Anyone has experience with an automatic fall detection device?

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I want to get my 92 year old grandfather an automatic fall detection device that you can wear on the wrist or as a pendent - should i ? My grandfather has fallen twice over winter and his last fall has resulted in him getting surgery for the brain. I am worried for him and thinking of getting getting him to wear an automatic fall detection device. Anyone has experience in this ? Is this effective? Also, another concern of mine is that he will not wear it ... he has mentioned that he thinks it's "stupid" several times and he is "strong" enough... He also is very resistant to having a full time caretaker employed as it messes with his freedom.. so we have resulted in employing part time care that comes to the house 3 times a day to oversee his food and medication since the rest of the family is working. However, there are blind spots when he is left alone.. I'm hoping to deal with that.. any feedback and experience is welcome!! Thank you!!

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This is the top rated personal alarm on the market with NO monthly service that has fall detection (and much more). You just buy a monthly SIM plan yourself. We got ours from US Mobile and only costs $9 per month. It also has GPS tracking and comes with FREE smartphone apps. We just love ours and dad's independance has improved knowing he can press the SOS button at any time. You can program up to five emergency contacts too. Anyway, we ordered ours online at VisionOneGPS.
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He sounds like somebody who may be willing to trade or compromise in order to feel independent, are the caregivers negotiable? If he has an alert system could he get by with less personal supervision, perhaps with the help of a med reminder system?
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Thank you @cwillie- at this point we are going the route of convincing him that it would give us the peace of mind but he honestly doesn't really buy into that...for him 'just in case' isn't a good argument as he always plays the 'I have lived more than all of you and earned the right to do what I want on my own terms' card.
Don't get me wrong, he's an absolute champ in our eyes and all of us grandkids adore him and have been looking at ways to make things better for him. We all chip in but it's impossible to monitor this cowboy 24/7.
This is why I'm on this forum requesting advice and help from people who have experienced similar situations or have other suggestions..
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Thank you so much @jeannegibbs for your thoughtful reply. My grandfather currently does not suffer from dementia. However, after the surgery we noticed that he finds it difficult to concentrate on conversations. For example he could be talking to us on a current issue but suddenly he drifts into what happened in the 30s during world War 2 where he fought etc. This did not happen before his surgery. In fact he was extremely sharp, sharper than us, his grandkids.
Also during the 'blind spots' where he does not have anybody watching him - that's when he fell twice. This is why we are all concerned. We have spoken to him about the wearable device but he is absolutely against it. Further, he is persuading us to stop the part time caretakers from coming in and watching him as he finds it annoying and intrusive... He is a strong willed 92 year old and it's hard for us to convince him of the merits of such a device. This is an ongoing struggle!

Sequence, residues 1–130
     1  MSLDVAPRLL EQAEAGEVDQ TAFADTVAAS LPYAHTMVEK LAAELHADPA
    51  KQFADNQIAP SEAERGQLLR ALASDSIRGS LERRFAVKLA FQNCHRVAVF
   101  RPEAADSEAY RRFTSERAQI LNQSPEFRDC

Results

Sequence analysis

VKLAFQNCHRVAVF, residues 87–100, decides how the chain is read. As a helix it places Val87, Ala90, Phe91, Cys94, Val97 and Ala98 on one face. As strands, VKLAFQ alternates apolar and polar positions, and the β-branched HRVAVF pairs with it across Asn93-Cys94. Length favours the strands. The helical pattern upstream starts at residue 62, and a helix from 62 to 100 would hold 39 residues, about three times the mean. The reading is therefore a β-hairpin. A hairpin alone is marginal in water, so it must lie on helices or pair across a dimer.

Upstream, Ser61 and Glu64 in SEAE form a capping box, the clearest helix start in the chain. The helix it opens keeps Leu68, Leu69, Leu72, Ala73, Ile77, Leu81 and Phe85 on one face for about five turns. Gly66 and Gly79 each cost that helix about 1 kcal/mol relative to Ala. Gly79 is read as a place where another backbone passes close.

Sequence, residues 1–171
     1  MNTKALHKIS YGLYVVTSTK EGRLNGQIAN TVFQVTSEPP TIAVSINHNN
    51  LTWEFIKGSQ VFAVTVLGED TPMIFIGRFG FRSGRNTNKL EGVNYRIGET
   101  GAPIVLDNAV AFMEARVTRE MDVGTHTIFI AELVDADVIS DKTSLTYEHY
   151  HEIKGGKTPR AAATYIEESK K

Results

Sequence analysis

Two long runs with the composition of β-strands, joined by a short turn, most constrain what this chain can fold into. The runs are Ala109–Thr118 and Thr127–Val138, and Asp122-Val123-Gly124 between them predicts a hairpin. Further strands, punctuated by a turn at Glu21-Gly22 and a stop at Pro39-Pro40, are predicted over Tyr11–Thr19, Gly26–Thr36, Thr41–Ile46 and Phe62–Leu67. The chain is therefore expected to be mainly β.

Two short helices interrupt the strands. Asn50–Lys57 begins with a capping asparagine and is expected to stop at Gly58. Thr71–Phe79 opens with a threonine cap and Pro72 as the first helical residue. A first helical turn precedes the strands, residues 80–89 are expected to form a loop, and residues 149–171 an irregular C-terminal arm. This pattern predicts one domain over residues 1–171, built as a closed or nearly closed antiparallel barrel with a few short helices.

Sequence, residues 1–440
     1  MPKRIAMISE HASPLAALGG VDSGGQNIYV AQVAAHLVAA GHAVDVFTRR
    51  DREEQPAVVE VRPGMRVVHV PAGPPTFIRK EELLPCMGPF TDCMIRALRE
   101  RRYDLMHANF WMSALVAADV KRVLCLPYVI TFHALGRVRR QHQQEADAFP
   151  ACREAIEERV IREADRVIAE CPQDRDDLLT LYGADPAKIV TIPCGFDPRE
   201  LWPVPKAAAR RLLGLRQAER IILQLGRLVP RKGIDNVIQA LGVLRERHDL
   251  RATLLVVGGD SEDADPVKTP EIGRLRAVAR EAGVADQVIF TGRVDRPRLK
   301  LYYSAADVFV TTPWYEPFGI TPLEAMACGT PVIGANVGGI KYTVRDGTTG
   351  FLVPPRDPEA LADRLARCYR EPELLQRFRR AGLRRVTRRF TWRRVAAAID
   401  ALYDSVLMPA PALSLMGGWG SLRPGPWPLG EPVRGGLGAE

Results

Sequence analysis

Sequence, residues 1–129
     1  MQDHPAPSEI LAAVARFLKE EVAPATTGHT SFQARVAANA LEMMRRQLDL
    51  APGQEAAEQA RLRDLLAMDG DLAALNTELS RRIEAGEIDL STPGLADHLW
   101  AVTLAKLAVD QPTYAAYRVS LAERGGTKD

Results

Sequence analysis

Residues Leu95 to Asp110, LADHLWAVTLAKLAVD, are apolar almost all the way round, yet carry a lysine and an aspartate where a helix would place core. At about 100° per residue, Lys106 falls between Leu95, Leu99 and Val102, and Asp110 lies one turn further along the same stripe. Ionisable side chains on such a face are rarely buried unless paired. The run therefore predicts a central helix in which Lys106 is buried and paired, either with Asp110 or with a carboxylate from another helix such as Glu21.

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Some of the alert button systems also have fall detection, would he be more willing to wear an alert button so he could summon help "just in case", or to give you peace of mind?
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The fall detection device will only work if he wears it, of course. That would be the first obstacle to overcome. I wouldn't sign any long-term contracts until you know that.

Your profile doesn't mention any dementia. Aside from being a fall risk, does he have any impairments that require constant attention? Does he get along pretty well on his own during those "blind spots"?

There is no way to absolutely prevent falls. People fall two feet away from their caregiver, they fall in nursing homes, they fall in the doctor's office. Your dear grandfather is at risk of falling. You can't eliminate that, but try to reduce it. Have you "fall proofed" his home? You can also try to react quickly in response to a fall. That is what the detection device and/or the caregiver would provide. Unless he has been declared incompetent, Grandfather can decide whether he will accept these means of risk reduction. Your best bet is to persuade him to do that.

Assure him that you are not questioning his strength. Why, he is the strongest person in his 90s that you have ever seen! But if he hit his head and was unconscious, it wouldn't matter how strong he is -- he'd need help. Or if he falls and injures a leg, being strong might not be enough to get up. The detection device or the caregiver is for "just-in-case" and might never be needed. Better safe than sorry. Etc.

If someone he knows has a fall detection device, that person's story might help him understand why people decide to get one.
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